Recruiting for internships and full-time jobs can be difficult. Given the variety of job positions available, it is not always easy to find the ones that may fit your skillset.
However, recruiting is a two-way street. Seeking to gain a company perspective on recruiting, The Sun talked to Hayden Kornblut, head of Kraft Heinz university relations, and Erin Fitzgerald ’18, category marketing analyst to learn about their experiences and advice.
“Students have the opportunity to really jump in and make an impact into our business rather quickly,” Kornblut said. “We take students whether they are a business major or liberal arts major or a STEM major, and we can put them in a lot of different areas”
For undergraduates, Kraft Heinz offers a summer internship program as well as a full-time rotational trainee program for new graduates. While some firms offer internships for sophomore or freshman candidates, Kornblut talked about Kraft Heinz’s decision to focus on juniors.
“We do that because we want to bring in students who have started in their major coursework. After they spend the summer with us and get hands-on experience, our hope is for us to be able to provide them with an offer to come back right after they graduate the following year,” he said.
Although Kraft Heinz is still in the process of recruiting, Kornblut said that from Cornell, the company has so far had over 350 applicants for its undergraduate programs and over 100 applicants for its MBA programs.
For the full-time trainee program, an important part of the experience is making people try different job functions as a way of getting out of their comfort zone.
“It does two things. One, it gives you a more well-rounded view of the organization and how we operate. The second thing it does is that it gives you another opportunity to let you see a different side of the business that you may not have necessarily seen otherwise,” Kornblut said.
Erin Fitzgerald ’18, who joined Kraft Heinz in June 2018 as a part of the corporate management trainee program, mentioned how the rotational aspect of her program led her to pursue a field different than she was originally intending.
“I thought finance would be the route I would want to go, but after learning more about category marketing function, I really found that it was a great line to be and use my strong quantitative skills and layer in that more strategic side for making fast business decisions,” she said.
In her current role as a category marketing analyst, Fitzgerald is responsible for running the demand forecasting for Kraft Heinz’s powdered beverage portfolio — which includes Crystal Light, MiO and Kool-Aid — as well as working on the launch of new products.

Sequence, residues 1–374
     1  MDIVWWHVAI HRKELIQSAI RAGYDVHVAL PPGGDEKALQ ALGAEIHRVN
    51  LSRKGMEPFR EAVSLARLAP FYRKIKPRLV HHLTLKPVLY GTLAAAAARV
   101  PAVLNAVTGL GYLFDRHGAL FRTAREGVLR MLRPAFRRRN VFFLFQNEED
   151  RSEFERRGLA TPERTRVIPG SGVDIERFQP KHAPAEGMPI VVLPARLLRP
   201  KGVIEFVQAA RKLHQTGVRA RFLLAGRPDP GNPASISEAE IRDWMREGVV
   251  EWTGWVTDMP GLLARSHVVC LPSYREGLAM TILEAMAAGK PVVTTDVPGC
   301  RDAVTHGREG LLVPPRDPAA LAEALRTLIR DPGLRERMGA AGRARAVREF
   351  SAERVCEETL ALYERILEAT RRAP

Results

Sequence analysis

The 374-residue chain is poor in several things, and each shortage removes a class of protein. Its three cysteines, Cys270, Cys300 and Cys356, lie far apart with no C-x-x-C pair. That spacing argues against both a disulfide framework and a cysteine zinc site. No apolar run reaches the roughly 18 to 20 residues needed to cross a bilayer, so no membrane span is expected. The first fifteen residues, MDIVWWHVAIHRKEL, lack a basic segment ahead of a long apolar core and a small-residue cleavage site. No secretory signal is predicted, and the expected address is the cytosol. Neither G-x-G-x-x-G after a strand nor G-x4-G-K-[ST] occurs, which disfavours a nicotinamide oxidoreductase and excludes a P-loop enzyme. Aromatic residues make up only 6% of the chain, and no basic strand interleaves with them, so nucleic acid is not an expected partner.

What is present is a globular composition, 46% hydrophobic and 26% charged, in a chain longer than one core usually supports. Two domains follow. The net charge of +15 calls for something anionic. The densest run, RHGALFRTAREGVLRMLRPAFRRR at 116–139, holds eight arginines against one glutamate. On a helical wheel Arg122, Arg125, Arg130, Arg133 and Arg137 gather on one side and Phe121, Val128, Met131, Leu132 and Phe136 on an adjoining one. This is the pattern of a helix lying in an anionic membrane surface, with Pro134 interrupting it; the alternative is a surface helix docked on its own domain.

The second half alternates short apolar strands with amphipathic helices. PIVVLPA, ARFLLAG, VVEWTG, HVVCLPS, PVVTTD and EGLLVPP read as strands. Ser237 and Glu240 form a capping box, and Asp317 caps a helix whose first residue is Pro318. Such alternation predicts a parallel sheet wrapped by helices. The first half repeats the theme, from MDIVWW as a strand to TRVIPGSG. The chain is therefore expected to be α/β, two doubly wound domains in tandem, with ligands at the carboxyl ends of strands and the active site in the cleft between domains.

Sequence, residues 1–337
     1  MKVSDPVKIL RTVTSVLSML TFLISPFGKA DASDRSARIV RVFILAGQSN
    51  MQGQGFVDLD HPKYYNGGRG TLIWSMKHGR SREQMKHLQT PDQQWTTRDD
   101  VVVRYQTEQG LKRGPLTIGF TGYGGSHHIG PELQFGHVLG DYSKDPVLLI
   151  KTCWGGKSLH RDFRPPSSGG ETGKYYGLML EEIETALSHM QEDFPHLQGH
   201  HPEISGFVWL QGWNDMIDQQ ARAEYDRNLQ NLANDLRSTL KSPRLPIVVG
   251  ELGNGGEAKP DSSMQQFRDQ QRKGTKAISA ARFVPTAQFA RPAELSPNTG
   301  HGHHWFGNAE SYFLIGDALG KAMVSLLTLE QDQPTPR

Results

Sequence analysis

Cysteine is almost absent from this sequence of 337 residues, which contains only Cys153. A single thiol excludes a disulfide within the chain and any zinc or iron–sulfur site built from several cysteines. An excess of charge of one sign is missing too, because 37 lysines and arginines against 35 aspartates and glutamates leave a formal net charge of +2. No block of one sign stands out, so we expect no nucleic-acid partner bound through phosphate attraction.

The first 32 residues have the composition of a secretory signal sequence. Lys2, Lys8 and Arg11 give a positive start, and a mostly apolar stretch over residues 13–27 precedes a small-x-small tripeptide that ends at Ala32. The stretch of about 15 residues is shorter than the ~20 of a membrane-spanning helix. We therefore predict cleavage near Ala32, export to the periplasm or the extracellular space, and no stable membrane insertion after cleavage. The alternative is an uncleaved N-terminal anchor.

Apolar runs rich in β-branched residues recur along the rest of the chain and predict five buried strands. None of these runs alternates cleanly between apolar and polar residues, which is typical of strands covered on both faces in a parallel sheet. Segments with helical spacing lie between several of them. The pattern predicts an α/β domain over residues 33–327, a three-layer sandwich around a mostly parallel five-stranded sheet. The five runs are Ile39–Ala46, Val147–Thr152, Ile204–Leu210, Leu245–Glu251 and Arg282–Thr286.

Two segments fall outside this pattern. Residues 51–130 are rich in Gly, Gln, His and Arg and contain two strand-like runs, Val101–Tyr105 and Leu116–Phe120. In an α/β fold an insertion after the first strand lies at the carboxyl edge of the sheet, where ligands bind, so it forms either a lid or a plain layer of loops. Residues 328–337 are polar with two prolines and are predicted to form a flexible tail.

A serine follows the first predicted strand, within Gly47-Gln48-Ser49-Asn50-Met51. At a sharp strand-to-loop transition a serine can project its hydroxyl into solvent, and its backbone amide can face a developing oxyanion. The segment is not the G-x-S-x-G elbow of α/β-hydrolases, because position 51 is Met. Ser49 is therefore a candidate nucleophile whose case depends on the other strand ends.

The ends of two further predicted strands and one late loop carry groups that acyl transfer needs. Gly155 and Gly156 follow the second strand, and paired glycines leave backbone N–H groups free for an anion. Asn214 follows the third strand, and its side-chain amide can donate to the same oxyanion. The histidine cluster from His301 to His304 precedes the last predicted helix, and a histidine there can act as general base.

Reflecting back on her time in college, Fitzgerald encouraged students to be more open-minded about their career choices.
“At Cornell, especially in AEM, there is such a big emphasis on making your career on Wall Street or in consulting, and outside of that it seems that there are not a lot of options,” she said. “If I could look back, I would tell myself to not be pressured into doing that just because everyone else is doing it and that there are really great opportunities outside of that as well.”
She also talked about the importance of building a network early-on in the workplace.
“Setting up time with people and trying to make connections with the people you are working with is something that can be overlooked,” Fitzgerald said. “The more connections you can make with people, even if you only have worked with them briefly, can lead to a really valuable resource for you in the future.”
Kraft Heinz, like numerous other companies that hire from Cornell, utilizes HireVue as a part of their recruiting process for undergraduates. For some students, the concept of doing a pre-recorded video interview can be an awkward experience.
“The way to go into these HireVues is to treat them like a real interview. We treat it like a real interview, those are real interview questions we would ask,” he said. “Sometimes we see students reading notes, which we understand that students want to be prepared, but you wouldn’t do that if you were sitting across from me in a real interview.”
According to Kornblut, a common mistake students make when writing their resume is simply explaining their day-to-day when describing a job or activity. “What I am personally looking for on a resume is: tell me the biggest things that you are proudest of. What is it that sets you apart?”
Kornblut said that students shouldn’t be afraid to use student organizations or extracurricular activities as a part of their resume.
“Sometimes students think that employers don’t want to see that. But if you are taking on a position and you are accountable for something, that is something that we definitely key in on,” he said.